In the US, data owners have not been clearly defined. Ownership of data is going to be a central part of the debate on data privacy standards in the US. Existing regimes, such as the EU GDPR and California’s data privacy legislation, identify consumers as the ultimate owners of data. Such differences show that data privacy regulations go beyond matters of trade and include core values and principles, making it hard to reach a consensus on shared standards.

Data standards are important to avert the possibility of biased data and/or misuse of personal data, which creates differential treatments. The absence of national standards can have a negative impact on civil rights, as has been shown by the algorithms embedded in facial recognition technologies used by some police departments in the US, creating racial bias. Fortunately, the data privacy debate in the US is taking place and there are increasing efforts to enhance accountability and enforcement by regulatory authorities through penalties and potential new avenues for litigation.

It is important for the US to catch up with the rest of the world for several reasons. The digital economy has changed and will become increasingly more dependent on data in different ways, especially in data-intensive industries such as AI and 5G. These developments will require strong national legislation as well as cross-border cooperation to reduce ambiguities in data flow regulations.

The Role of the Private Sector

Big tech companies should be managed based on three verticals: (1) Prescriptive – which includes the compliance and regulatory regimes that dictate what is permissible for matters such as sharing, retention, and repurposing of data; (2) Self-regulating – which refers to what companies can do to be more responsible actors in areas such as differential privacy – a system for publicly sharing information about a dataset by describing the patterns of groups within the dataset while withholding information about individuals in the dataset – as well as privacy by design, where privacy is built in the backbone of applications, reducing risks; and (3) Adaptive – how to ensure that there is minimum harm to consumers in an ever-changing environment that constantly creates blind spots. Issues such as the use of facial recognition systems and other biometrics data present several challenges that are being dealt with in different ways around the world.

US-Singapore Cooperation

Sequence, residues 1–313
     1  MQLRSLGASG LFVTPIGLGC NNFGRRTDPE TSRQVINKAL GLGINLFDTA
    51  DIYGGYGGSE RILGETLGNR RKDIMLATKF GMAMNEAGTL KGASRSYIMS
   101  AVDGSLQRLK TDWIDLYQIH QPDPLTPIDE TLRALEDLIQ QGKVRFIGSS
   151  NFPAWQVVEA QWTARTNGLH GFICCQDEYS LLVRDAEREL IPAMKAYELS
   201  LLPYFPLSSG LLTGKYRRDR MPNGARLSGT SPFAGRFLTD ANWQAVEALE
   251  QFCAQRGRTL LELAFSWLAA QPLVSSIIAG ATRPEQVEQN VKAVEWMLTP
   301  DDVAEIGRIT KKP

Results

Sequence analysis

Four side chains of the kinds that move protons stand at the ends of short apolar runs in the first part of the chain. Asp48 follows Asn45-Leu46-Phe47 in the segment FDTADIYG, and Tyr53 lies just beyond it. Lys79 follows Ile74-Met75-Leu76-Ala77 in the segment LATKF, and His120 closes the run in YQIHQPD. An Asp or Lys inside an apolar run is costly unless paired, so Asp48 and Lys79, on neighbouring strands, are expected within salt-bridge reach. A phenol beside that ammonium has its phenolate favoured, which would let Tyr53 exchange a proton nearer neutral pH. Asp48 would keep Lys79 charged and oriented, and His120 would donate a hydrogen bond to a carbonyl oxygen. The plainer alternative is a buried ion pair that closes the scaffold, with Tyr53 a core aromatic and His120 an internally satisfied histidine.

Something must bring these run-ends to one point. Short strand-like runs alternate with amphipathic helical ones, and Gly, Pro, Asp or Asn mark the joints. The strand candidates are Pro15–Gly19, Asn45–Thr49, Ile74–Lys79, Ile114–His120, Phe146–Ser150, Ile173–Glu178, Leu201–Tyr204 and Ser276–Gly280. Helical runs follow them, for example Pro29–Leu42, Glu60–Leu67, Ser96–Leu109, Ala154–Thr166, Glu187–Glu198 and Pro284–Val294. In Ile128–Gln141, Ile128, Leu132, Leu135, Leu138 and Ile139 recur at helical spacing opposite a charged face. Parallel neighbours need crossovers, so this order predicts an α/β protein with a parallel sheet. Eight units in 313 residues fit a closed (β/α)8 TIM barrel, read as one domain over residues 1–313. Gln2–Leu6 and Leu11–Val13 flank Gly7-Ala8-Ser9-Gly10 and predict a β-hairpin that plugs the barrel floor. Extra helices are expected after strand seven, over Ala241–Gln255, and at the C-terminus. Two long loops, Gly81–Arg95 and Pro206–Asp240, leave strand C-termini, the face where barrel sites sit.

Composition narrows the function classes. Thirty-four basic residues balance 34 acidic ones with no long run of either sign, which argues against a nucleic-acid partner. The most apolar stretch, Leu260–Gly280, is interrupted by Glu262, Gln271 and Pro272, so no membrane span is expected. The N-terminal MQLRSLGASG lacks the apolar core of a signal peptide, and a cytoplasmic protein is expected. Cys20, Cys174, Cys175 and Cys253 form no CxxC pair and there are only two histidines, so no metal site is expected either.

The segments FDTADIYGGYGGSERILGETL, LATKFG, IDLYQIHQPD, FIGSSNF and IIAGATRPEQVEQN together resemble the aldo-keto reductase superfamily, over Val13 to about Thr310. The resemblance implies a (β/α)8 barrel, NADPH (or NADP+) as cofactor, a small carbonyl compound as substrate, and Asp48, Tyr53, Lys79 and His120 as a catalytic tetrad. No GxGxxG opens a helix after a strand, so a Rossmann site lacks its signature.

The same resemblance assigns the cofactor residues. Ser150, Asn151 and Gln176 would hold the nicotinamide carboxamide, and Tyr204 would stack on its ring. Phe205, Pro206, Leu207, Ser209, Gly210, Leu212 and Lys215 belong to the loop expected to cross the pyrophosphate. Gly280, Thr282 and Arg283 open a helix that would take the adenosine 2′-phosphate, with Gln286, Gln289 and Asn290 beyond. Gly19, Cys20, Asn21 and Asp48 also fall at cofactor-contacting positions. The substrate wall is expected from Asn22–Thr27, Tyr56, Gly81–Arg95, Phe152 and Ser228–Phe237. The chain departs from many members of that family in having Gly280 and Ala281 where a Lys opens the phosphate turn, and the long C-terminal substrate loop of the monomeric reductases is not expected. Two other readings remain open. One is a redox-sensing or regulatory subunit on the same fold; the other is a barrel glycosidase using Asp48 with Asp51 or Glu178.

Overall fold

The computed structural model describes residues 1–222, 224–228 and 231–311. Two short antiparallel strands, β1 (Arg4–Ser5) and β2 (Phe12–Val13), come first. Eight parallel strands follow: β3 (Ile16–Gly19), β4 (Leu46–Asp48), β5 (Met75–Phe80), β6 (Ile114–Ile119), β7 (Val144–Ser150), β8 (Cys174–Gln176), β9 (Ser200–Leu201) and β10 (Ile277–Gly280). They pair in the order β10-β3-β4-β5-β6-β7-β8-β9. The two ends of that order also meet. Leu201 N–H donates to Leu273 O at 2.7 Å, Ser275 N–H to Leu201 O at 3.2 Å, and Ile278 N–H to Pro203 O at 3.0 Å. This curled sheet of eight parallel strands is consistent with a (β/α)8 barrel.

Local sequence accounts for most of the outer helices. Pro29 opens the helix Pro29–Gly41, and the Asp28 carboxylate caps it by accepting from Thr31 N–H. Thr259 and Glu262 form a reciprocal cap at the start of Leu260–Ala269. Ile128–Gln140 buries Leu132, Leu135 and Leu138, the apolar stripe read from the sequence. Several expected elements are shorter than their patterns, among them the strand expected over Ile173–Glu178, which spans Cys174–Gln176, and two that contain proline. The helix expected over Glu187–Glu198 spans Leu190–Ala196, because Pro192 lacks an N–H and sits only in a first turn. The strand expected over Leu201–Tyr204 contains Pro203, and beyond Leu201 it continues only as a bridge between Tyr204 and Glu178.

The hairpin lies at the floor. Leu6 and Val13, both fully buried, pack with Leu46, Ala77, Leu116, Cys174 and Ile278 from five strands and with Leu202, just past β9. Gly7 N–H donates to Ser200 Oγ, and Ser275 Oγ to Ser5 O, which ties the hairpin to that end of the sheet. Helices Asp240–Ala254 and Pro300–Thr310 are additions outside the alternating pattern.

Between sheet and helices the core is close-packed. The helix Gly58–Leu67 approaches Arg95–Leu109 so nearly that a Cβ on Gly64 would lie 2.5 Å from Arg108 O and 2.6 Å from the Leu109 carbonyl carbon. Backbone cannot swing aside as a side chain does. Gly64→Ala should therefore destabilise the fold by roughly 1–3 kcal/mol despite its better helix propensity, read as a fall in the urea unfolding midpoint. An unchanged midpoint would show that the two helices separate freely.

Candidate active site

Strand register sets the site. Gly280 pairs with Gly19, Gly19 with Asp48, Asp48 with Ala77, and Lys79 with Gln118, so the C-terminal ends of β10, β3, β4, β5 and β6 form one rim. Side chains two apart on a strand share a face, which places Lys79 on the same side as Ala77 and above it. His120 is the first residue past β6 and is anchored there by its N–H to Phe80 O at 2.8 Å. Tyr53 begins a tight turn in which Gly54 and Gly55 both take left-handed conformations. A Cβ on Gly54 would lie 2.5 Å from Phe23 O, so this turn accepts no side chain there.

The next step for ASEAN is to fully implement the MCC. ASEAN is also developing a region-wide certification to facilitate data flow across ASEAN member states. For the US, there is a need to revisit policies from the Obama administration on data privacy and governance, specifically on data sharing and portability.

Moving forward, the US and Singapore should continue to embrace and improve the APEC CPBR. This effort should include more capacity-building measures to close the digital gap and deal with differing levels of digital maturity within ASEAN. Globally, there is an urgent need to regulate big tech companies and establish reciprocal and exportable models to address AI bias.

This document was prepared by Eugenio Benincasa and Mark Manantan. For more information, please contact Dr. Crystal Pryor (crystal@pacforum.org), Director of Nonproliferation, Technology, and Fellowships at Pacific Forum. These preliminary findings provide a general summary of the discussion. This is not a consensus document. The views expressed are those of the speakers and do not necessarily reflect the views of all participants. The speakers have approved this summation of their presentation.


About the Speakers

Ms. Evelyn Goh is responsible for developing and driving IMDA’s strategy for international Digital Economy engagements, identifying opportunities for IMDA’s Digital Economy interests in the international arena, and supporting Government-to-Government & Government-to-Business strategic partnerships.

Evelyn is also responsible for strategic bilateral and multilateral international engagements and participates in fora such as the APEC Data Protection Subgroup meeting where she is responsible for Singapore’s participation in the APEC Cross Border Privacy Rules (CBPR) and Privacy Recognition for Processors (PRR) Systems. She also serves as a member of the Joint Oversight Panel under the APEC Data Protection Sub-group.

Dr. Nicol Turner Lee is a senior fellow in Governance Studies, the director of the Center for Technology Innovation, and serves as Co-Editor-In-Chief of TechTank. Dr. Turner Lee researches public policy designed to enable equitable access to technology across the U.S. and to harness its power to create change in communities across the world. Her work also explores global and domestic broadband deployment and internet governance issues. She is an expert on the intersection of race, wealth, and technology within the context of civic engagement, criminal justice, and economic development.


This event is held with support from the U.S. Embassy Singapore.

For inquiries, please contact events@pacforum.org.